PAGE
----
On January 3, 2017, the Obama Administration issued a memorandum to all executive departments and agencies setting for a comprehensive policy for handling breaches of personally identifiable information (the “Memorandum”), replacing earlier guidance. Importantly, the Memorandum also affects federal agency contractors as well as grant recipients.

The Memorandum is not the first set of guidance to federal agencies and departments for reporting breaches of personally identifiable information (PII), but it establishes minimum standards going forward (agencies have to comply within 180 days from the date of the Memorandum). The Memorandum makes clear that it is not setting policy on information security, or protecting against malicious cyber activities and similar activities; topics related to the recent fiery debates concerning the 2016 election results and Russian influence.

The Memorandum sets out a detailed breach response policy covering topics such as preparedness, establishing a response plan, assessing incident risk, mitigation, and notification. For organizations that have not created a comprehensive breach response plan, the Memorandum could be a helpful resource, even for those not subject to it. But it should not be the only resource.

Below are some observations and distinctions worth noting.

  • PII definition. Unlike most state breach notification laws, the Memorandum defines PII broadly: information that can be used to distinguish to trace an individual’s identity, either alone or when combined with other information that is linked or linkable to a specific individual. So, for example, the notification obligation for a federal contractor will not just apply if Social Security numbers or credit card numbers have been compromised.
  • Breach definition. Breaches are not limited phishing attacks, hackings or similar intrusions. They include lost physical documents, sending an email to the wrong person, or inadvertently posting PII on a public website.
  • Training. Breach response training must be provided to individuals before they have access to federal PII. That training should advise the individuals not to wait for confirmation of a breach before reporting to the agency. A belief (or hope) that one will find that lost mobile device should not delay reporting.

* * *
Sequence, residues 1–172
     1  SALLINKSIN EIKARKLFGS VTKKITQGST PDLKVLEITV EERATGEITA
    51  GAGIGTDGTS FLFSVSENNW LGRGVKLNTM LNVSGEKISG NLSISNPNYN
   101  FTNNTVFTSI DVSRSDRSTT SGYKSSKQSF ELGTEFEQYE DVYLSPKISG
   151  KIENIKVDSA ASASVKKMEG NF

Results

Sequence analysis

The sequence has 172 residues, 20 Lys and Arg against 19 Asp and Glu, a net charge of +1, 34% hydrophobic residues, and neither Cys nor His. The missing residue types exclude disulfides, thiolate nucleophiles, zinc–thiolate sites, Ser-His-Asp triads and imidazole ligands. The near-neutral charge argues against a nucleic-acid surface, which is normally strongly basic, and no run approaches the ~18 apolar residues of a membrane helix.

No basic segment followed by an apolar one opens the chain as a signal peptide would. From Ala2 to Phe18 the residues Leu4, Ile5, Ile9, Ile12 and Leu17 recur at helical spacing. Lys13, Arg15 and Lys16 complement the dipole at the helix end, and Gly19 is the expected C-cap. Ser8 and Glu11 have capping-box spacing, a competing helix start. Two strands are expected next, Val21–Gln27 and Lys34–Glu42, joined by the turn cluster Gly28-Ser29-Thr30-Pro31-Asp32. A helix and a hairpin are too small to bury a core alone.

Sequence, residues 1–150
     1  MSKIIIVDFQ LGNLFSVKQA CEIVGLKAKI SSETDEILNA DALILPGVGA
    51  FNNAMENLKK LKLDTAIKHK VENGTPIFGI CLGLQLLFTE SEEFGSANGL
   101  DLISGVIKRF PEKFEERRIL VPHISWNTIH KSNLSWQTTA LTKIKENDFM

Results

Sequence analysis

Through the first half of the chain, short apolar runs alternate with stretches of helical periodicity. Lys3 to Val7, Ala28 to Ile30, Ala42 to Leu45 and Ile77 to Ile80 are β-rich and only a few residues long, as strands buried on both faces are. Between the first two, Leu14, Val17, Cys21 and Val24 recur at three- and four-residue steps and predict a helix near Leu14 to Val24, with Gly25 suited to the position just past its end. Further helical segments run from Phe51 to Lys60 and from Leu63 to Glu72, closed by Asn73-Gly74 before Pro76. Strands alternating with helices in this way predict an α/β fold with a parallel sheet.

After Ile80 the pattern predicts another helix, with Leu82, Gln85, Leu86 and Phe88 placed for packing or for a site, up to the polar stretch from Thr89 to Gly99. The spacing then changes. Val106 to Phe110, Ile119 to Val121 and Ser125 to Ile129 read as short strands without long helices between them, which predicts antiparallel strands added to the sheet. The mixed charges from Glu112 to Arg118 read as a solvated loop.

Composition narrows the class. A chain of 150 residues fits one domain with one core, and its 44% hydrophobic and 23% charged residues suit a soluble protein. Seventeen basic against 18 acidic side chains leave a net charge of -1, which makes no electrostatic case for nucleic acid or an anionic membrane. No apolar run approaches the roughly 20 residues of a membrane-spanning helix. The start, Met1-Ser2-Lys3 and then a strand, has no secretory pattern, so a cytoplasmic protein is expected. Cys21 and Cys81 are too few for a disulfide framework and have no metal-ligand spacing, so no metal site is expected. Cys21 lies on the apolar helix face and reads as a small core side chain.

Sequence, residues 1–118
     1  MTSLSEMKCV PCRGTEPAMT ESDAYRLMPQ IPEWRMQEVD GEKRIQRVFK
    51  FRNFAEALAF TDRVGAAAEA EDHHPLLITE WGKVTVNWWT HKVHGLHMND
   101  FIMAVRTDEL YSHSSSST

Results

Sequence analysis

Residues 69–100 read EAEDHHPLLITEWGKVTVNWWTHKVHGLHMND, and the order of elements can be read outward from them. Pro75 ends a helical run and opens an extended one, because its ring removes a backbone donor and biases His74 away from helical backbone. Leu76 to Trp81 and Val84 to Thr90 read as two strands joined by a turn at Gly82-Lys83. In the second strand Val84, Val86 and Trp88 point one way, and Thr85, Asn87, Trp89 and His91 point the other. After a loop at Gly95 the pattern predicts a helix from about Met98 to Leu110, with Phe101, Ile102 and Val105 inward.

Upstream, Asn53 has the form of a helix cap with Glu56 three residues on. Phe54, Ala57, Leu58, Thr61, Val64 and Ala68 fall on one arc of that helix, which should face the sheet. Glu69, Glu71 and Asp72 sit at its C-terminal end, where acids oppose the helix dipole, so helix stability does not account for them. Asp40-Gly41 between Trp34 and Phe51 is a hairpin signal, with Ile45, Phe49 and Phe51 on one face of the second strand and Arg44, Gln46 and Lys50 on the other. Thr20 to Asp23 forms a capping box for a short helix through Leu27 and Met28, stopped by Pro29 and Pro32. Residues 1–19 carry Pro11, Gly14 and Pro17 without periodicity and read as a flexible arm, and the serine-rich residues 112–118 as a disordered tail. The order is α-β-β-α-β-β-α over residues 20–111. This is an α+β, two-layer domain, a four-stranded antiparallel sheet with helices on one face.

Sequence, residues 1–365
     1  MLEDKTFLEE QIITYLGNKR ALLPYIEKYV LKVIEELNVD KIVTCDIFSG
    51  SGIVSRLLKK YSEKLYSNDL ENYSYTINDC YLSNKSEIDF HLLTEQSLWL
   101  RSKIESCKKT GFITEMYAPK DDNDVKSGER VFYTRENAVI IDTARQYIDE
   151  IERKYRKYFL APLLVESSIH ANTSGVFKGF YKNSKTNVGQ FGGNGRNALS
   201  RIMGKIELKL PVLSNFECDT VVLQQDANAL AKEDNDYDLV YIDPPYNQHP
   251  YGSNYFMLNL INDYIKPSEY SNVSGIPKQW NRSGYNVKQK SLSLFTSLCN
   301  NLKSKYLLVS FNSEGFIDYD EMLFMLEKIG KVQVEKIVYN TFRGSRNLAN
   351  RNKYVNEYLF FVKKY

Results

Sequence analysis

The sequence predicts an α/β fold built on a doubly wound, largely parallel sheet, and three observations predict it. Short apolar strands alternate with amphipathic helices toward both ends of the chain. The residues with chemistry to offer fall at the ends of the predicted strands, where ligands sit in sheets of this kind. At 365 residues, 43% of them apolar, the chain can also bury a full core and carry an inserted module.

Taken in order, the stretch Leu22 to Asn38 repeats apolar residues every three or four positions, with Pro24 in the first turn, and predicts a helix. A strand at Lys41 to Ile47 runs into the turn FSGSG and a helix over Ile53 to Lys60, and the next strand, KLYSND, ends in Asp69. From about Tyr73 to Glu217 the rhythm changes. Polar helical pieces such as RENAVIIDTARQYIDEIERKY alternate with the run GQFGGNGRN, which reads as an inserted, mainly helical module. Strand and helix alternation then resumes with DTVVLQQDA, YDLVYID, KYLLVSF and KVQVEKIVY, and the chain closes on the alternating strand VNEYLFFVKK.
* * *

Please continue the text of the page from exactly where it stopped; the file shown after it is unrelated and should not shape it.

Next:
• Required provisions in federal contracts. Federal contractors that collect or maintain federal PII or use or operate an information system for a federal agency must be subject to certain requirements by contract. The Memorandum requires agencies to update their contracts with contractors to ensure the contracts contain certain provisions, such as requiring contractors to (i) encrypt PII in accordance with OMB Circular A-130, (ii) train employees, (iii) report suspected or confirmed breaches; (iv) be able to determine what PII was or could have been accessed and by whom, and identify initial attack vectors, and (v) allow for inspection and forensic analysis. Because agencies must ensure these provisions are uniform and consistent in all contracts, negotiation will be difficult. The Federal Acquisition Regulatory Council is directed to work the Office of Management and Budget to promptly develop appropriate contract clauses and regulatory coverage to address these requirements.
  • Risk of harm analysis. Agencies will need to go through a complex risk of harm analysis to determine the appropriate breach response. Notably, encryption of PII is not an automatic exception to notification.
  • Notification. The rules for timing and content of breach notification are similar to those in many of the state breach notification laws. The Memorandum also advises agencies to anticipate undeliverable mail and to have procedures for secondary notification, something not clearly expressed in most state notification laws. The Memorandum also suggests website FAQs, which can be more easily updated and tailored. Agency heads have ultimate responsibility for deciding whether notify. They can consider over-notification and should try to provide a single notice to cover multiple notification requirements. They also can require contractors to provide notification following contractor breaches.
  • Tabletop Exercises. The Memorandum makes clear that testing breach response plans is essential and expressly requires that tabletop exercises be conducted at least annually.

Federal contractors and federal grant recipients that have access to federal PII will need to revisit (or develop) their own breach response plans to ensure they comply with the Memorandum, as well as the requirements of the applicable federal agency or department which can be more stringent. Of course, those plans must also incorporate other breach response obligations the organizations may have, whether those obligations flow from other federal laws (e.g., HIPAA), state laws, or contracts with other entities. Putting aside presidential politics, cybersecurity threats are growing and increased regulation, enforcement and litigation exposure is likely.